Friday, May 4, 2012

China's war on baby girls isn't over

In light of the all the news surround Chen Guangcheng and his pleas to be allowed to leave China after being imprisoned for exposing the prevalence of forced abortion, Jing Zhang, president of Women's Rights in China discusses China's continuing war on baby girls.
Since Chen Guangcheng's escape, the high-profile persecution initiated by the Susong Family Planning Commission has created panic among benefiting families and their communities. Many lives are directly threatened. Government agents have announced that any family with an "illegal" birth will face a fine of 50,000 yuan ($7,700, about ten times China's annual per capita income). Any woman found to be pregnant "illegally" — without a birth permit — will face a forced abortion.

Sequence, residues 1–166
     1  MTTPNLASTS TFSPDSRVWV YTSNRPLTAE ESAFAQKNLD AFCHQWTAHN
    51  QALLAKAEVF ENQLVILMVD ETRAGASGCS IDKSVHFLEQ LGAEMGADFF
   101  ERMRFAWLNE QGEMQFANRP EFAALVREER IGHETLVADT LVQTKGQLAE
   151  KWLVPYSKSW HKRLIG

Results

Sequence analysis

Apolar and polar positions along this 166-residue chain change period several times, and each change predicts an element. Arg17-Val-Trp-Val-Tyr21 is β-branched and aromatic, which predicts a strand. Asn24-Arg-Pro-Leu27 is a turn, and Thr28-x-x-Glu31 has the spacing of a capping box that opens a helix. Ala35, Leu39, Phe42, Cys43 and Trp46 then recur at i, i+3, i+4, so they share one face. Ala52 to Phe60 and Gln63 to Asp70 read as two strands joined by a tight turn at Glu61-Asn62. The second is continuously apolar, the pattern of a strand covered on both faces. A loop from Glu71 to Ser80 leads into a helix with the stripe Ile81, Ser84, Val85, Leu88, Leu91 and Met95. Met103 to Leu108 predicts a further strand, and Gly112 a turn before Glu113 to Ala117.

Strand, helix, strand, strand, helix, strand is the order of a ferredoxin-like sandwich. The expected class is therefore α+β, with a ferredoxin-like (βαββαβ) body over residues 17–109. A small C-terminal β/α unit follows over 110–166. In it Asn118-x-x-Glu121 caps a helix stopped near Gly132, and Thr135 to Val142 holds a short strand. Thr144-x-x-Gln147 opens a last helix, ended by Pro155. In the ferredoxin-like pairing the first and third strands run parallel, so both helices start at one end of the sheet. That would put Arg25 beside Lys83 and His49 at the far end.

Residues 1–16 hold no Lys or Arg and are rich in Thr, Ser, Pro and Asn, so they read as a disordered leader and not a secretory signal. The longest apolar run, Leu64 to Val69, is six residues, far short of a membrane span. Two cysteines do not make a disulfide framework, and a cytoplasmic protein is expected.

Family Planning agents have also threatened to take action against volunteers and employees of the Infant Assistance Program if they do not cooperate with the authorities by turning over all material related to the program.

In the 30 years of the brutal one-child policy, hundreds of millions of infants have been killed. This has led to serious social problems that are now obvious — not only the gender imbalance but also the aging of the general population. Regardless, the PRC government forges ahead with its notoriously inhumane policy.